The heat of summer has passed, and a sharpness is in the air. It is October. When we pause on our marches, Novak gazes over the earth, sniffing strangely. He must be thinking of the season and harvest. He grew up on a farm in Poland and has a feeling for land.
In his squat, gnarled body, one can see the record of toil. His knotted muscles bulge through his clothes. The long, hairy arms dangle like an ape's; the hands are large and calloused. In his eyes is a strange, broken light which heightens the habitual sadness in his features.
We all like him. He is a top-notch soldier, seldom complaining and fearing little. He has a great love for coffee and cigarettes, of which he can never get enough. They must have been scarce items in his former days. . . . To him all Germans, dead, living, or wounded, fall into one class: "Sonsabeeches." He hates them personally and passionately.
Snuffy is drunk. Reeling through the mud, he sings, "Glory, glory, hallelujah, for I am marchin' on." His voice is about as musical as a crow's.
"That guy claims to've been a bootlegger," snorts Kerrigan. "Be like a rabbit running a lettuce market."
At dusk, we halt in a grove, with orders to dig in. Novak's prowling eyes discover a strawstack.
"We sleep tonight like a hotel," he says. "Soft like a goose feather."
"Yeah. Complete with running water."
"We fix that too. You wait."
As we load our arms with straw, voices sound on the opposite side of the stack, but we pay no attention to them. There's plenty of straw for us all.
"We make a roof too. Weave. I show you. We get dry, you betcha."
"We'd better get some sack-time in tonight. Tomorrow things are liable to start popping."
"Sure. We get it easy too long."
As we prepare to leave, two straw-laden figures round the stack.
"You build a cover too. Is easy. You weave," says Novak.
"Gott im Himmel."
For an instant, the four of us stand stupidly sharing a mutual paralysis of surprise. Then, still clutching our straw, we take off.
If those two Germans ran any faster than we, they must have broken some track records.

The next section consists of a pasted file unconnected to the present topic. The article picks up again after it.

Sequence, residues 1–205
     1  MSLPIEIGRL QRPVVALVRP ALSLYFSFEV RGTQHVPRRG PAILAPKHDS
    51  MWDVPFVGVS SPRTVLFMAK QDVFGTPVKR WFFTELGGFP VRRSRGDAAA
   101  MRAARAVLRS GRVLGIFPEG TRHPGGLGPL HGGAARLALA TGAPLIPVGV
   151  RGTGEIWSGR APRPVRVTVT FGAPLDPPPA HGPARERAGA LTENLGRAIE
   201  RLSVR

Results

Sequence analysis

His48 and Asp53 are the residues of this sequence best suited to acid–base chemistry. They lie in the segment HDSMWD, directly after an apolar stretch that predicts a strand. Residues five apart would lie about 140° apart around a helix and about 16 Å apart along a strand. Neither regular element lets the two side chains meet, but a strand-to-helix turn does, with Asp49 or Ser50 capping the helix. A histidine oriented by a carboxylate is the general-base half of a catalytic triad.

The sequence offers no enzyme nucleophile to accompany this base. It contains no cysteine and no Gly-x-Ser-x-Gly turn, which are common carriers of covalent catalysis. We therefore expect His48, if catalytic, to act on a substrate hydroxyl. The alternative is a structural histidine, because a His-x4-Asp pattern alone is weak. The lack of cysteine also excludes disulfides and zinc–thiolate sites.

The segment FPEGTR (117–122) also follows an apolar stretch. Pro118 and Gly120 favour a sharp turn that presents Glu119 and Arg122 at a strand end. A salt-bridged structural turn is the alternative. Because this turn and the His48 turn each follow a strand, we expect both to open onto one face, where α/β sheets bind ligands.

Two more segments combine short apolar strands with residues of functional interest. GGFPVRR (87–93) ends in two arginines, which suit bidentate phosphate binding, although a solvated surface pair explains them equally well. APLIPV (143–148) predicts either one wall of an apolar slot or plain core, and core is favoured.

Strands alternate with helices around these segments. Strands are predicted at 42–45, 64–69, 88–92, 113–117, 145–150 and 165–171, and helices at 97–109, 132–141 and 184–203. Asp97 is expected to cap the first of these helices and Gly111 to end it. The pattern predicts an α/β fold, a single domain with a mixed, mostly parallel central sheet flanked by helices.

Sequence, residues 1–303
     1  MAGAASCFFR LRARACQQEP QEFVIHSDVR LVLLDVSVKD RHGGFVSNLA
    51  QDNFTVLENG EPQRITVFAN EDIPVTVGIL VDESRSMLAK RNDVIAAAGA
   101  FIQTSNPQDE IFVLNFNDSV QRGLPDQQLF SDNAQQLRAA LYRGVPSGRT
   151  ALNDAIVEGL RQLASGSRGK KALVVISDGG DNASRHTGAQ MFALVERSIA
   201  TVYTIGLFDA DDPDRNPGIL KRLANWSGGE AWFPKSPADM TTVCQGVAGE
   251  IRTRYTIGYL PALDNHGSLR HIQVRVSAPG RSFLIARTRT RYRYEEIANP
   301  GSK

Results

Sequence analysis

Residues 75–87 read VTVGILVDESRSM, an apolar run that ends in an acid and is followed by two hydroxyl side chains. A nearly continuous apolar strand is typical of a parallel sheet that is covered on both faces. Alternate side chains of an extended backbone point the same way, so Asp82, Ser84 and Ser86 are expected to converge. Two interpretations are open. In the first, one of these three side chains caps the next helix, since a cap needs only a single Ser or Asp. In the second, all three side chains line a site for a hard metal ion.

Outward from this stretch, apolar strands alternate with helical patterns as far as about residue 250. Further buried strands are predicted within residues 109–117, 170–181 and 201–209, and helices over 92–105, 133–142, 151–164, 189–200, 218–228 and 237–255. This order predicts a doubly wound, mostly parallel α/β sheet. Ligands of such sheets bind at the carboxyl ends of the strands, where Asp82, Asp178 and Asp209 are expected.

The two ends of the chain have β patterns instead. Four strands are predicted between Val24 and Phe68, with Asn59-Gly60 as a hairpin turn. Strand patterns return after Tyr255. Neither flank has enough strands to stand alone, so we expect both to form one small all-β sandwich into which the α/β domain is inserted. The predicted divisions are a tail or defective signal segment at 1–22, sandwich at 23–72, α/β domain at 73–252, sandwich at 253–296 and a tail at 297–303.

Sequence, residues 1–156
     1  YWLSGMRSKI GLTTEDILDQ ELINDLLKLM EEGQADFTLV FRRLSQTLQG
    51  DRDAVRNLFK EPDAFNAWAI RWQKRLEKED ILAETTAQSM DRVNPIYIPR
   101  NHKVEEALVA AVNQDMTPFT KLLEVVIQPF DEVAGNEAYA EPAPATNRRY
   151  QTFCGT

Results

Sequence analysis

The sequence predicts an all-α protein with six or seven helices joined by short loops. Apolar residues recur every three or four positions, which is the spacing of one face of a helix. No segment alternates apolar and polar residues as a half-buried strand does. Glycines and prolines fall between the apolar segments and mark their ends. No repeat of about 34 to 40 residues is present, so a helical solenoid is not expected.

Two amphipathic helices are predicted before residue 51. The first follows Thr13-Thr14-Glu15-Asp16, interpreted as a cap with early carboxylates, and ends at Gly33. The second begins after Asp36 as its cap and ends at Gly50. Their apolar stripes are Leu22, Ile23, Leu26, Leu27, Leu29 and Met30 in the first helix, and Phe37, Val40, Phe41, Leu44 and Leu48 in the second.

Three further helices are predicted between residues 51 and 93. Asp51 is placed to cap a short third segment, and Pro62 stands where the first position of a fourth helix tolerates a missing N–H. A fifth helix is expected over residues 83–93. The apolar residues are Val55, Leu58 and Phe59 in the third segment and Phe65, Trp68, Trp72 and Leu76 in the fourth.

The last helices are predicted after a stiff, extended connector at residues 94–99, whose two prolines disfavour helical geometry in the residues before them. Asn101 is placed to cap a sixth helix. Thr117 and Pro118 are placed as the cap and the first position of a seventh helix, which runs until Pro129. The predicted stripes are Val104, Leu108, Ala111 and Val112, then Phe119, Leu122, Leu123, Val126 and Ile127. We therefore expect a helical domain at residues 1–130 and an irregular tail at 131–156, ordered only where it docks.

A sergeant in the first platoon senses the predicament. If his men are isolated, they will likely be destroyed. He makes his decision quickly. Motioning his men to follow, he rises and with a submachine gun charges head-on toward one of the enemy positions two hundred yards away.
On the flat, coverless terrain, his body is a perfect target. A blast of automatic fire knocks him down. He springs to his feet with a bleeding shoulder and continues his charge. The guns rattle. Again he goes down.
Fascinated, we watch as he gets up for the third time and dashes straight into the enemy fire. The Germans throw everything they have at him. He falls to the earth; and when he again pulls himself to his feet, we see that his right arm is shattered. But wedging his gun in his left armpit, he continues firing and staggers forward. Ten horrified Germans throw down their guns and yell, "Kamerad."
That is all I see. But later I learn that the sergeant, ignoring the pleas of his men to get under cover and wait for medical attention, charged the second enemy strongpoint. By sheer guts, he advanced sixty yards before being stopped by a final concentration of enemy fire. He reeled, then tottered forward another few yards before falling.
Inspired by his valor and half-insane with rage, his men took over, stormed the kraut emplacement, and captured it. When they returned to their leader, he was dead.
This was how Lutsky, the sergeant, helped buy the freedom that we cherish and abuse."